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My Brushes with Numismatic History, Part II

Patrick Heller and his son, Daniel, participate in the January 2004 Ceremonial Strike Ceremony for the Michigan state quarter, held at the Denver Mint facility. At 6 years old, Daniel may have been the youngest person to strike a United States coin. (Image courtesy Patrick A. Heller.)

Patrick Heller and his son, Daniel, participate in the January 2004 Ceremonial Strike Ceremony for the Michigan state quarter, held at the Denver Mint facility. At 6 years old, Daniel may have been the youngest person to strike a United States coin. (Image courtesy Patrick A. Heller.)

In last week’s column, I detailed my involvement with creating the designs for the 2004 Michigan Statehood quarter and the words I said and did not say in a meeting with Michigan’s governor that probably changed which design was ultimately selected to appear on this coin.

My brushes with numismatic history did not end there. In the meetings of the Michigan Quarter Commission, I had described to the other members about the opportunity to participate in a first strike ceremony at the U.S. Mint in Philadelphia. The Commission chair asked the governor’s liaison with the U.S. Mint to inquire about being able to participate in the event. After the third such request was sent to the U.S. Mint, the information finally came through.

To our surprise, the Michigan Quarter Ceremonial Strike Ceremony would instead be conducted at the Denver Mint. Anyone who might want to participate would need to go through a security background check and would need to be at least 10 years old.

As a decades-long collector and dealer, I was thrilled to send in my background check paperwork. In addition, I also sent in the paperwork for my 6-year-old son, Daniel. I acknowledged that he was less than 10 years old but asked if he might at least be able to be an observer of the event. After three inquiries, the response from the Mint was “we’ll do something.” So, in January 2004, we both went.

When we arrived the day before the ceremony, a few of us met with someone from the Denver Mint to iron out the details of who would strike coins in which order. There were 12 people coming for the ceremony, but no official of the state of Michigan. When we found out that Denver Mint Plant Manager Tim Riley was born in Michigan and attended college in the state (which probably explained why he wanted the ceremony in Denver), we assigned him the honor of striking the first coin, which would go to the Michigan Historical Museum. Once more to my surprise, Daniel was included in the strike ceremony right along with the rest of us. He was designated to strike the second specimen that would be presented to the current Michigan governor. The 10-year-old son of another Michigan Commission member would strike the third coin that would go to the prior governor who appointed the Commission. Then the six Commission members in alphabetical order would strike their coins (I was #6). The other four guests would then strike their coins. The 10-year-old would strike coin #14 as his personal memento, then Daniel would finish the ceremony by striking #15 for his specimen.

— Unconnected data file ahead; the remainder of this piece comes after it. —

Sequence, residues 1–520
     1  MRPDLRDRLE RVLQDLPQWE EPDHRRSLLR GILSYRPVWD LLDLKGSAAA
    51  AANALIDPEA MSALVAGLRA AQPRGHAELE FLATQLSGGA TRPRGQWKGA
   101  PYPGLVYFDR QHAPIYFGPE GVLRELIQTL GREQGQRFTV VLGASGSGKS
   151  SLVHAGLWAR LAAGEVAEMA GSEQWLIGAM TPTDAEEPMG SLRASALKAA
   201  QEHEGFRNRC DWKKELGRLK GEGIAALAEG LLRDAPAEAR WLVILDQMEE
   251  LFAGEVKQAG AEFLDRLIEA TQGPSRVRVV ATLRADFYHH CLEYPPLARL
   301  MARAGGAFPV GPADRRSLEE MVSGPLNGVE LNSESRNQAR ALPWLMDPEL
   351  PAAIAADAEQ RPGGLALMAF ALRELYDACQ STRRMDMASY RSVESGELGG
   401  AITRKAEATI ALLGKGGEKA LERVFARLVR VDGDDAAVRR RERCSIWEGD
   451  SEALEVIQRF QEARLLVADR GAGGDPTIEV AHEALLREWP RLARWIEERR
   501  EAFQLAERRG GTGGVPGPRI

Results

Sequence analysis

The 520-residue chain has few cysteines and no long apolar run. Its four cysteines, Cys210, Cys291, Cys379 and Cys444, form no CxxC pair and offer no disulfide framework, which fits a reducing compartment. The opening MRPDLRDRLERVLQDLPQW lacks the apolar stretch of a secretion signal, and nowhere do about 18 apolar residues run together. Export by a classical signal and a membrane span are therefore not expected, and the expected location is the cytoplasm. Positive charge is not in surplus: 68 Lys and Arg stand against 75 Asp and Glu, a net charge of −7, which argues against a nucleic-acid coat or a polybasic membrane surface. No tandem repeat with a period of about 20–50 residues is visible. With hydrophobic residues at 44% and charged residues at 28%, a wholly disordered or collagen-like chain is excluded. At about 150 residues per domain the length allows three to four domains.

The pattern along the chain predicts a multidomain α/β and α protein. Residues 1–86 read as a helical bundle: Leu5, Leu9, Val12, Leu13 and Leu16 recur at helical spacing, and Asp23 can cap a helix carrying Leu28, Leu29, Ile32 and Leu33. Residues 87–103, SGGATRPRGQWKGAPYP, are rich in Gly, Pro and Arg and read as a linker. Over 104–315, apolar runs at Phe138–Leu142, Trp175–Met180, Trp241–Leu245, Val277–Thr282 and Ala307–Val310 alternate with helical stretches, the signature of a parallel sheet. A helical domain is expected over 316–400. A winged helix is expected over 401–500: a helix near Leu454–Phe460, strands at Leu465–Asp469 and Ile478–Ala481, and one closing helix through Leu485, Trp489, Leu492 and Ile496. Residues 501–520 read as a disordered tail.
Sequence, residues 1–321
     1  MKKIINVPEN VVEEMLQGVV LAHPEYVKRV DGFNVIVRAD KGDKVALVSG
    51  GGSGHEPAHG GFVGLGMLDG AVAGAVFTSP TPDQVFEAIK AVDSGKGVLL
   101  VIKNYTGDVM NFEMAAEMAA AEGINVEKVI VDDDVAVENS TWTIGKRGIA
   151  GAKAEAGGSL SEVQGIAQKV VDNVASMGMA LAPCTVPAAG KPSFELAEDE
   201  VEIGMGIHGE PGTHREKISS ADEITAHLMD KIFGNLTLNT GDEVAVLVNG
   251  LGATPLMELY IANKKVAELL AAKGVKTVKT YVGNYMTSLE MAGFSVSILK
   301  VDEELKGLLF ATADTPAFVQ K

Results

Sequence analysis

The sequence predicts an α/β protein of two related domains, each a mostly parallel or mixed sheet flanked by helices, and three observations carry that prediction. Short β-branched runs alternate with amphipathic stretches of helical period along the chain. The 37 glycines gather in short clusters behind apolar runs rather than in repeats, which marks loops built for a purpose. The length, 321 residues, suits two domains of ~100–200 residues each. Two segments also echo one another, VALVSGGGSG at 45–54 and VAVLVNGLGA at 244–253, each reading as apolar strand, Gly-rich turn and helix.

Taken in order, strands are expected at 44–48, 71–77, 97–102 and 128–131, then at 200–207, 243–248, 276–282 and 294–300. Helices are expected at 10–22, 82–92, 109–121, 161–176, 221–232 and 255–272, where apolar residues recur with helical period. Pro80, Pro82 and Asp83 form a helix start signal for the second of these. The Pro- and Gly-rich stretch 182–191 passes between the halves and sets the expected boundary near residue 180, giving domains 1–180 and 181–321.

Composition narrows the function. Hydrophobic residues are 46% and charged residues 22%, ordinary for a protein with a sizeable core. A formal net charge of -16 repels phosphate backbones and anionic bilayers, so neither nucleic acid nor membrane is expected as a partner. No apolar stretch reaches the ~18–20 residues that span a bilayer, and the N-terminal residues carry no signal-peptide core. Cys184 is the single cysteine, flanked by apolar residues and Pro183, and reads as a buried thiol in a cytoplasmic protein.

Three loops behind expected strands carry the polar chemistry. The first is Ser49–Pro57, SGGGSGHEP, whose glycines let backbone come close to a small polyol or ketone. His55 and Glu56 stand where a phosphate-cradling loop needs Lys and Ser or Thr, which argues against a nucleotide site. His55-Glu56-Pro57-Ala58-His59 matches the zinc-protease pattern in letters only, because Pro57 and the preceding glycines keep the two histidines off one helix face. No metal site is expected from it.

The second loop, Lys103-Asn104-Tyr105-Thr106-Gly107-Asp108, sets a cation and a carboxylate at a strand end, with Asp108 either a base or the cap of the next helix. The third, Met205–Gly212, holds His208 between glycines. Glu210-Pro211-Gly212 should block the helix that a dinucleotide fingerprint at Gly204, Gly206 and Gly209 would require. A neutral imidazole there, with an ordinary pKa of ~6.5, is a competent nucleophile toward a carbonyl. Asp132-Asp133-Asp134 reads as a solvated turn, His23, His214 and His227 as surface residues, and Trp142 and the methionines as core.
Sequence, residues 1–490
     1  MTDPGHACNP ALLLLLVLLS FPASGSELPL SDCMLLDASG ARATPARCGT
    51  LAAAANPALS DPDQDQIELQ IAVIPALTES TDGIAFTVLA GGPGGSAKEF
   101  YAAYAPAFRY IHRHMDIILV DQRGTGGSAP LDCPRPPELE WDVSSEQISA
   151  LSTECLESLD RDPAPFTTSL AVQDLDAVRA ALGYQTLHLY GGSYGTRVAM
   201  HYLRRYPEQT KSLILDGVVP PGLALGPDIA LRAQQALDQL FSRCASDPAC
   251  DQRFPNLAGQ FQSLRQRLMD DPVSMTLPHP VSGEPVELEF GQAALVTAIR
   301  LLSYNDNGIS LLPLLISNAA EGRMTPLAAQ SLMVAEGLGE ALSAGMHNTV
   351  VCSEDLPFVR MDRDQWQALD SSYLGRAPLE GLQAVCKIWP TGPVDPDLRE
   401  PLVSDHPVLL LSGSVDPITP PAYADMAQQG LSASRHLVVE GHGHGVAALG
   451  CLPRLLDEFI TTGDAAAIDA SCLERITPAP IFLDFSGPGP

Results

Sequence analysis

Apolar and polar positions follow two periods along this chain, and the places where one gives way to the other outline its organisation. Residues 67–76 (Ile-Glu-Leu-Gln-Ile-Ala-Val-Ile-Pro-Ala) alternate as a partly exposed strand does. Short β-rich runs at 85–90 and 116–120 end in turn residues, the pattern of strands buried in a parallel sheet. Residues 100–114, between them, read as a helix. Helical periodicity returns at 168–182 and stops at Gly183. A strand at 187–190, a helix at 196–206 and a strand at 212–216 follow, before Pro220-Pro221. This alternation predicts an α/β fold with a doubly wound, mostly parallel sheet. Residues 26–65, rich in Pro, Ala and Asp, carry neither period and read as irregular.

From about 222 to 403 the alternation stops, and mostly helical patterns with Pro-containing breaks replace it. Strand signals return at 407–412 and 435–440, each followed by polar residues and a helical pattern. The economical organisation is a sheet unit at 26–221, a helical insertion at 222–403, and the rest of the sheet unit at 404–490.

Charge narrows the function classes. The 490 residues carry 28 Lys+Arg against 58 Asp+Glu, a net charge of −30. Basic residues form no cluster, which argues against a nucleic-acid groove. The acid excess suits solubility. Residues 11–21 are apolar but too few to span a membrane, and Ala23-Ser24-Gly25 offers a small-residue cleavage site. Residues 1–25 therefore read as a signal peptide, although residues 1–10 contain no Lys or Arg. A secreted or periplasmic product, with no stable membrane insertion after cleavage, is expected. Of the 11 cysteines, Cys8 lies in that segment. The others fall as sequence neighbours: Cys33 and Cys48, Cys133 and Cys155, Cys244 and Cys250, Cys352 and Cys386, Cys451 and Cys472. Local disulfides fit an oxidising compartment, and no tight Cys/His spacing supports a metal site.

In our local newspaper the next day, a picture of Daniel holding up coin #15 with me at his side appeared on the front page. In the news story was a quote from someone at the U.S. Mint stating that Daniel was the youngest person they knew of to strike a U.S. coin. I wanted to make sure I had the citation correct, so I called the Mint’s press office.